Thus, when Singapore was crowned world Table Tennis champions, the government and the media found it very difficult to drum up pride among Singaporeans. Instead a popular joke was that China’s “B team” has beaten its “A Team”.

Many Singaporeans have felt that this scheme discriminates against local talent and that the government is more concerned about tapping into the multi-million dollar global sports industry rather than encouraging local sporting capacities and accompanying pride in its success.

Schooling’s success has revived this debate especially among netizens. Comments accompanying the first article on his Olympic success on Yahoo Singapore were overwhelmingly focused on how local talent can make it in the global arena with proper investments in training, done mainly by parents.

“Singapore Government needs to nurture more true blood Singaporean; we should not be buying winning golds with PRs (permanent residents). Why can’t we have world renowned coaches in all sports sectors to train our own true Singaporean instead of ‘buying foreign talents’ to represent us?” asked one.

“Finally I feel so proud to be a Singaporean when I see J Schooling touch the finishing line. Hope from now on, the government (would) please stop funding so called foreign talent. I (would) rather see a local born fight it out and lose than a FT (foreign talent) win.

“When table tennis can (bag) silver/bronze in the last 2 Olympics. I DON’T feel anything, but when Schooling touch(es) the finishing line, I feel a sense, how to describe it – Like tear of joy,” added another.

“Why do I feel the euphoria when Joseph Schooling won the Gold medal at the Olympics? A feeling that I never experience(d) each time when those paddlers won gold medals.

“Our govt. has been spending our tax payers’ money on these imports giving them citizenship and all other perks when all along the S’porens have voiced out their frustrations.

“Hope this win by a local boy would open their eyes to see that if we put all those resources we wasted on all those foreigners we could have our own pool of local champions. You have done us proud Joseph. hooray!” added yet another netizen.

Thousands of Singaporeans are expected to greet him when he lands back home in the early hours of Monday (August 15) morning. When asked by a Singaporean reporter at Rio airport what he thought the reception would be like in Singapore, Joseph replied: “I have no idea. I can’t fathom it.”

Singapore’s parliament is due to pass a special motion on August 15 acknowledging Schooling’s feat. He is expected to attend the sessions along with his parents. He will also become a millionaire when he receives a one million Singapore dollar reward from the government for winning gold at the Olympics.

“One hundred metres. That’s all it takes? To rewrite history. Launch a revolution. Glue a nation. . . To lift a mood. To give proof of excellence,” noted Strait Times’s senior sports correspondent Rohit Brijnath.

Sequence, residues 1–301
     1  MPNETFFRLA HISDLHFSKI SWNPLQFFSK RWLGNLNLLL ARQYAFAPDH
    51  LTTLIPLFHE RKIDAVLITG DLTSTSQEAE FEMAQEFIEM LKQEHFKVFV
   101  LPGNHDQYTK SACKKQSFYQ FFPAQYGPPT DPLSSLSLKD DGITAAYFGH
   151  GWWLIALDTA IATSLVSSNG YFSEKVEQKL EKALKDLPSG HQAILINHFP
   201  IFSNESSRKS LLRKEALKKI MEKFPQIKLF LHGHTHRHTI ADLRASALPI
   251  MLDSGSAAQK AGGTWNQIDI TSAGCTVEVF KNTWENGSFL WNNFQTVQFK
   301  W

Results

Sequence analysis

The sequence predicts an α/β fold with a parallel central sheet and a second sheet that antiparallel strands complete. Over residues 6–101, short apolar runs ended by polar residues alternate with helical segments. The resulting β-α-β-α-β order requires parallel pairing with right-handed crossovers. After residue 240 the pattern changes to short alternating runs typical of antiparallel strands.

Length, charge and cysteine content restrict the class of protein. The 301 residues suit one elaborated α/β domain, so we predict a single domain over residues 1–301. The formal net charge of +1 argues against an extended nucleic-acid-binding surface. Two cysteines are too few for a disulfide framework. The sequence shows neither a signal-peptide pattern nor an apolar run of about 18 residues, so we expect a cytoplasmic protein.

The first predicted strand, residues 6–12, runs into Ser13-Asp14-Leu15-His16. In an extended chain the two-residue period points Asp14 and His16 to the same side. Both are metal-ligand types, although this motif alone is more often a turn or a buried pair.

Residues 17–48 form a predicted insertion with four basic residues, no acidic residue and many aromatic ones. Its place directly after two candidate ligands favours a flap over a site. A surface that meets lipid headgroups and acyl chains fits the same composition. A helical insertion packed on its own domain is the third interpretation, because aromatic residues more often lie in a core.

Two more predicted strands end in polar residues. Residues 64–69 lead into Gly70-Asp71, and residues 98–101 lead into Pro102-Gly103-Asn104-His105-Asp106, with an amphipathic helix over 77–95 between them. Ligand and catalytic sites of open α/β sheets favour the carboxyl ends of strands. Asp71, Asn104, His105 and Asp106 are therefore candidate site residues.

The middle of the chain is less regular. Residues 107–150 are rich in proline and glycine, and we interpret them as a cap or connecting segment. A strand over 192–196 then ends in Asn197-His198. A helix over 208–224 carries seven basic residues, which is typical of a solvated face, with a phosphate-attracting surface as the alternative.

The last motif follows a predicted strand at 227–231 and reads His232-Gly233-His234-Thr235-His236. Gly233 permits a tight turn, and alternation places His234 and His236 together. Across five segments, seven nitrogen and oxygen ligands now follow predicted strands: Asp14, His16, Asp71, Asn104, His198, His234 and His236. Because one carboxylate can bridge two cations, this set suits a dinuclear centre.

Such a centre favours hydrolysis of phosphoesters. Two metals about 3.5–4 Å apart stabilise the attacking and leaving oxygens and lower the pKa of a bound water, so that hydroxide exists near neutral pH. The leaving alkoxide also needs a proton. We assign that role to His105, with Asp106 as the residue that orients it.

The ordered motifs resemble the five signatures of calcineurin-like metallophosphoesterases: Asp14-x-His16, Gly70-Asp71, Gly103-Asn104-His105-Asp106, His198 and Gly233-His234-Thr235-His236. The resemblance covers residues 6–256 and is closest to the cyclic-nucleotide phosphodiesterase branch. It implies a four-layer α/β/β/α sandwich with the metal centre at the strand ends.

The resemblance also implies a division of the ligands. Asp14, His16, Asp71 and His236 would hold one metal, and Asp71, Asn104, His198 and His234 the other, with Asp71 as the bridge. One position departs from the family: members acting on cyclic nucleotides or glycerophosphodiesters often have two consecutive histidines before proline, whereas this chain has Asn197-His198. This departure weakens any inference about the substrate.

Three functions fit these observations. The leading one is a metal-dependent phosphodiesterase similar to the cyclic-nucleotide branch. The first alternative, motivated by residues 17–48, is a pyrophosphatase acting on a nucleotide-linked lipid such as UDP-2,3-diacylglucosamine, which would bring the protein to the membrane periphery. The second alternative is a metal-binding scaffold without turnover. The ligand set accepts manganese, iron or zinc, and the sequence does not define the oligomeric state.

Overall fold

“Joseph Schooling is going to inspire Singapore, but no one can ever imitate him. He’s the first to come first. Every Singaporean Olympian from now on will only follow him.” 

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Author: lotuscommnet

Dr Kalinga Seneviratne, who was born and educated in Sri Lanka has spent 20 years in Australia and is currently based in Singapore. He is a journalist, a radio broadcaster, television documentary maker, media analyst and an international communications lecturer. Currently Kalinga teaches Asian regional media systems and journalism and news media at Nanyang Technological University in Singapore. From 2004 to 2012 he was the Head of the Research division at the Asian Media Information and Communication Centre (AMIC) in Singapore. He has also taught international communications at the University of Technology Sydney and Macquarie University (Australia). He has authored and edited many books on media and communications issues. His expertise are in development communication, journalism and feature writing, community radio and alternative media, and international communications. He has won an United Nations Media Peace Award (1987) and the Inaugural Singapore Airlines Educational Award (1992) from the Community Broadcasting Association of Australia for services to the Australian community radio sector. He was the Australian and South Pacific correspondent for the Inter Press Service (IPS) news agency from 1991-1997 and still writes for them IDN IN-Depth News on a freelance basis. He has done reporting assignments for IPS from a number of countries in Asia, Africa and the Middle East. Kalinga was a member of a research team from 1991-1993 at the University of Technology Sydney looking at ‘Cultural Diversity and Racism in the Media’ in Australia. Kalinga is still a practicing journalists who writes for many publications across Asia and also produce radio and television documentaries.